Unless you’re involved in a startup, it’s unlikely that you work in a highly adaptable organisation where change is normal and built into everything you do.
In fast growth companies, founders, investors and staff plan on change. It is one of their greatest strengths and allows small, disruptive companies to topple larger competitors.
But the sad fact is that, for the majority of us, this is not our reality.
As the shake-out period of the world economy continues, being nimble enough to adjust, adapt and change will go some way to defining success, as organisations and as individual employees. For most of us, these changes will be managed via some form of project, using change management and project management disciplines.
As both an entrepreneur and a practitioner of program and project management, there are some common challenges that I’d like to point out that can sink both projects and businesses.
The first challenge: Define goals
Many projects and businesses fail because of poor planning.
If you’re a startup, the crucial elements of your business plan will define what new value you will bring to the marketplace, who will want that value, why they want it, and how much these people will be willing to pay for it. The only way to prove the plan is when someone commits to buy what you’re selling.
Likewise, too many projects get approved without having an adequate definition of what outcomes they will bring to the organisation, who wants those outcomes (and who doesn’t want them), and why. After this, some “buy-in” from the people who will eventually own those outcomes needs to be obtained.
In some organisations, approval processes are focused on obtaining funding and not much else.
Once the funds have been approved then the Project Manager has to execute based on poor direction on exactly what outcome they are (or aren’t) supposed to achieve. Such projects gets weighed down with a range of expectations on what they are supposed to achieve and, invariably, under-deliver as a result.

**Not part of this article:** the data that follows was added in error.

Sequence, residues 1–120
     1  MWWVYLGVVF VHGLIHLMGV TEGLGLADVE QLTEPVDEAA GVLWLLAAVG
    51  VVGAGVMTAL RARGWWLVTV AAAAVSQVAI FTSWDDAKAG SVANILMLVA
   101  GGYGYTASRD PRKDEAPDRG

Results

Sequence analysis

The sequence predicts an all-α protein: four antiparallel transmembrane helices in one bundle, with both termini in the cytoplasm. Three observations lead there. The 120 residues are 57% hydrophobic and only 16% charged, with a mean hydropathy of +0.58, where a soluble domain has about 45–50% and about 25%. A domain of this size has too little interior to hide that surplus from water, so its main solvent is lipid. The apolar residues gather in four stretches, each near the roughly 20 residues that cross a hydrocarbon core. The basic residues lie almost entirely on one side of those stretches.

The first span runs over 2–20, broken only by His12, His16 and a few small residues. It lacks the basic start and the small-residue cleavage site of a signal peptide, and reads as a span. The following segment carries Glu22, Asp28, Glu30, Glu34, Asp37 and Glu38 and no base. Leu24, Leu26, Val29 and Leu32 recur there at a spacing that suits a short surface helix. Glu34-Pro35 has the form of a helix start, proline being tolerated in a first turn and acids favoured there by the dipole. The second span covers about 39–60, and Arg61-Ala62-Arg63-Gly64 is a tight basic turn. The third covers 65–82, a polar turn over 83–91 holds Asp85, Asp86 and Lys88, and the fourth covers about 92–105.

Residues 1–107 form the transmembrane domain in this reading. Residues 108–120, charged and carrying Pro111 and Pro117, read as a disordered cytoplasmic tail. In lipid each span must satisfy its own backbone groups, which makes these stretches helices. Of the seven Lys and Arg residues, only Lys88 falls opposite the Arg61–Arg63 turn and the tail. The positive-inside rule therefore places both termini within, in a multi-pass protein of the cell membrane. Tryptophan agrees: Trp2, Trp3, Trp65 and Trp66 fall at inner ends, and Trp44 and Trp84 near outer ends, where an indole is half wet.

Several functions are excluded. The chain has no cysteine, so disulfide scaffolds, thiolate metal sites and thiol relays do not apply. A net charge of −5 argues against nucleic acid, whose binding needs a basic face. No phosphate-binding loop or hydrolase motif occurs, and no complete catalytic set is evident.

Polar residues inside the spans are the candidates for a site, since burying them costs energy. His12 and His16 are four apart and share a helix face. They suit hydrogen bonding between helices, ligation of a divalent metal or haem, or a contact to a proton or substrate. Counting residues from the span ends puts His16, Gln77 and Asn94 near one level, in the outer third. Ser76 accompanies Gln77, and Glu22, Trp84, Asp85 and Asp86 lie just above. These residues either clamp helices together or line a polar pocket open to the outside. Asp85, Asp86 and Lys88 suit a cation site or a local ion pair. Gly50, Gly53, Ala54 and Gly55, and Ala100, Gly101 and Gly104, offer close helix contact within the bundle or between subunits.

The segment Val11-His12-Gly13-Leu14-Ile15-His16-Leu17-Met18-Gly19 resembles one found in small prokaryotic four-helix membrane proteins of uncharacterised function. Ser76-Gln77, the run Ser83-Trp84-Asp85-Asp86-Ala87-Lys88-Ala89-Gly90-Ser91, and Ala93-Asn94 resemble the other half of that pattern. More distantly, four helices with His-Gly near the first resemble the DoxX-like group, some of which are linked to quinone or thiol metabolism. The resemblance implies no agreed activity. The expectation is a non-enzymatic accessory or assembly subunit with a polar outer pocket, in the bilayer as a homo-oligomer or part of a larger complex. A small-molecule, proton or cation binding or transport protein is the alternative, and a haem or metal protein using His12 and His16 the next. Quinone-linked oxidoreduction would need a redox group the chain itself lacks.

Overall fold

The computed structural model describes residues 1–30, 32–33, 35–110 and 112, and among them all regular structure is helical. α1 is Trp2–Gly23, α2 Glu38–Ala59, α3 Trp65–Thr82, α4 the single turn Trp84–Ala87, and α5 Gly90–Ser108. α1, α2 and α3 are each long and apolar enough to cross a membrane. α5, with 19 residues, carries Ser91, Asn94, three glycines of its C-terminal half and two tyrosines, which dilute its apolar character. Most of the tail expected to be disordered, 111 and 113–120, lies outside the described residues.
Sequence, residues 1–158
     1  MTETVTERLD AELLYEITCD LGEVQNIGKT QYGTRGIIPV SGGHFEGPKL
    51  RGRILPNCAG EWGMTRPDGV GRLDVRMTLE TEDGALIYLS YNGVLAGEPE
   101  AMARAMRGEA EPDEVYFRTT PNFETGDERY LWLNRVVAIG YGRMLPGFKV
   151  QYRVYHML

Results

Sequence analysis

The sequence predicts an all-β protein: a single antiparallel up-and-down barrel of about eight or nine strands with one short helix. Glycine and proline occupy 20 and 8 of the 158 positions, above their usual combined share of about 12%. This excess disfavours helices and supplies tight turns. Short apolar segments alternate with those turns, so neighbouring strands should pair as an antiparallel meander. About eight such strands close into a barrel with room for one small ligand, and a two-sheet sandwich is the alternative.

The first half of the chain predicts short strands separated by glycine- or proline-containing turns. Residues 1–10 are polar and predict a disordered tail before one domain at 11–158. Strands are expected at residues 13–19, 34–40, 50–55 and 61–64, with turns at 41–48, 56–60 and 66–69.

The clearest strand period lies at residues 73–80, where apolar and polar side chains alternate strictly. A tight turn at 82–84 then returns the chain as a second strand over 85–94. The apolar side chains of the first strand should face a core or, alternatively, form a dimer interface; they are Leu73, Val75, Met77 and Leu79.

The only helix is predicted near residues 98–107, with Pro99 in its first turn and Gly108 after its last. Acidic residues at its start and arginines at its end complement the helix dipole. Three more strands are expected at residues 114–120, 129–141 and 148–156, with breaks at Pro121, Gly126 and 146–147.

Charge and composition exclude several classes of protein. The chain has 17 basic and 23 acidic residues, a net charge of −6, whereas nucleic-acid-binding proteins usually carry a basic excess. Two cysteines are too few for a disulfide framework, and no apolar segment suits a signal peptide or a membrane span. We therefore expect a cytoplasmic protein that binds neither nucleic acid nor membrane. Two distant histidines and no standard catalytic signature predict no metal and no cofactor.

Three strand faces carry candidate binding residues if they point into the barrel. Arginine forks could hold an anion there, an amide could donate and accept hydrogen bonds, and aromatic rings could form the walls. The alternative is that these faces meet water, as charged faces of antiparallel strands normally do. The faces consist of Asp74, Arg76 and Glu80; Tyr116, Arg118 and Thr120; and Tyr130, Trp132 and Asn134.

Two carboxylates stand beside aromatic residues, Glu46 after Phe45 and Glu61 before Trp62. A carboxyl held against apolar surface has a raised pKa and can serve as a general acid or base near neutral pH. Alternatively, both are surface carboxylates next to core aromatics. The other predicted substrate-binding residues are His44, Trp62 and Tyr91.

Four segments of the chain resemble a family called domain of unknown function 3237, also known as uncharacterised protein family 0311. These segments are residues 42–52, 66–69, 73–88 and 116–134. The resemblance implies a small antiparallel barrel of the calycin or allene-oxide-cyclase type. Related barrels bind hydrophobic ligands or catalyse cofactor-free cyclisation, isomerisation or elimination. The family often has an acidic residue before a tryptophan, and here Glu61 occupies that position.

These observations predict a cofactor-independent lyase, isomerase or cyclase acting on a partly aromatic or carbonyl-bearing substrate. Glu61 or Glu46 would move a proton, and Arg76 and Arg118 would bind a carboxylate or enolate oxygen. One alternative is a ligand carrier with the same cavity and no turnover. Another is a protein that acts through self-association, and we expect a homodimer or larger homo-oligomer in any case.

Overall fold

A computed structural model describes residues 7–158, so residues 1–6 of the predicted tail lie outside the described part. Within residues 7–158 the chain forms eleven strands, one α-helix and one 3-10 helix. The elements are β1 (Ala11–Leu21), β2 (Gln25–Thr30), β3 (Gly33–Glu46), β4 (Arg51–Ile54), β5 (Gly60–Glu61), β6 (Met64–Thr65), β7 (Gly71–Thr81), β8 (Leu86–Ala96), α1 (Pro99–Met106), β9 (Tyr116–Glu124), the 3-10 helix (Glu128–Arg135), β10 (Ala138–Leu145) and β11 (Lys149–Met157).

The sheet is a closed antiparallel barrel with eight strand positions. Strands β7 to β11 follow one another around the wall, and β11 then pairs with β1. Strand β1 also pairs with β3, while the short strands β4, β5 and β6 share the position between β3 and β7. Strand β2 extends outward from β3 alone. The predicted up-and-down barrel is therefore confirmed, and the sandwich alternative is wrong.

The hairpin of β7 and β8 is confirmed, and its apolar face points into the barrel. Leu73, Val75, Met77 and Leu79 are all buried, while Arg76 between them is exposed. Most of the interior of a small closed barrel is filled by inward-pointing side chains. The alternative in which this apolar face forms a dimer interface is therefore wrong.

Lesson one: No venture capital firm will invest in a start-up without being very clear on the business model being used, the unique value being created, and who is going to want that value. The same applies to a project. If you don’t have clear goals, then get them, or stop.
The second challenge: Involve stakeholders
The second big challenge is one that many business startups suffer from. I call it, the ‘inventor’s syndrome’. This is where the inventor happily spends valuable time and resources coming up with the best solution without talking to anyone, even though it may not be a solution anyone else wants. Imagine all the wasted resources as a result!
The same happens in projects. Projects usually mean business change. Business change, even IT changes, means people change. Many projects fail because they fail to engage with the people that will determine its success: those who will own and use the outcome.
Once running, a business needs to work with its customers to improve, and this is the same with projects. Successful startups don’t suffer from ‘inventor’s syndrome’. They involve their prospective customers in the development process from as early as possible and seek feedback from the get-go.
Lesson two: Involve the people in your business that the project will impact. Involve them in a carefully measured and managed way. Determine who to involve before how to solve. Build this into your plans.
The third challenge: Get diversity
The final challenge is that often there are key blind-spots in the business skills of the project team.
Projects exist to assist sales, finance, IT, procurement, people skills, process skills and, ultimately, create a new future for the business while delivering today. It’s a large range of capabilities. The biggest risk of all is when the team members don’t know what they don’t know, so they don’t know what or who to seek guidance from.
They’re blind to what is required. No single person will have all skills, so who you have on your team will determine your success, and you do not need more versions of yourself. Note that a poorly-skilled project team will suffer from a build up of basic omissions. Failing to manage these correctly will result in under-performance and, ultimately, project failure.
Venture capital firms tackle this problem in the business world by providing experts who will supplement a management team, plus provide board level input. Successful startups invariably assemble an advisory network.
Lesson three: Have a diversity of experts and skill your team. Get independent advice from others who have successfully delivered. Beware of conflicting interests, such as recommendations from product providers that may give advice with vested interests.
Managing a project is in many ways like running a startup company. You need clear goals, involvement from stakeholders and a diverse range of opinions. That way, you can execute perfectly, without executing your career in the process!
Mark Nicholls specialises in personal mentoring, Internet marketing and has a passion for smart business. His company Information Professionals specialises in doing just this – through ensuring that leaders are innovative in the approach they take to their company when moving forward.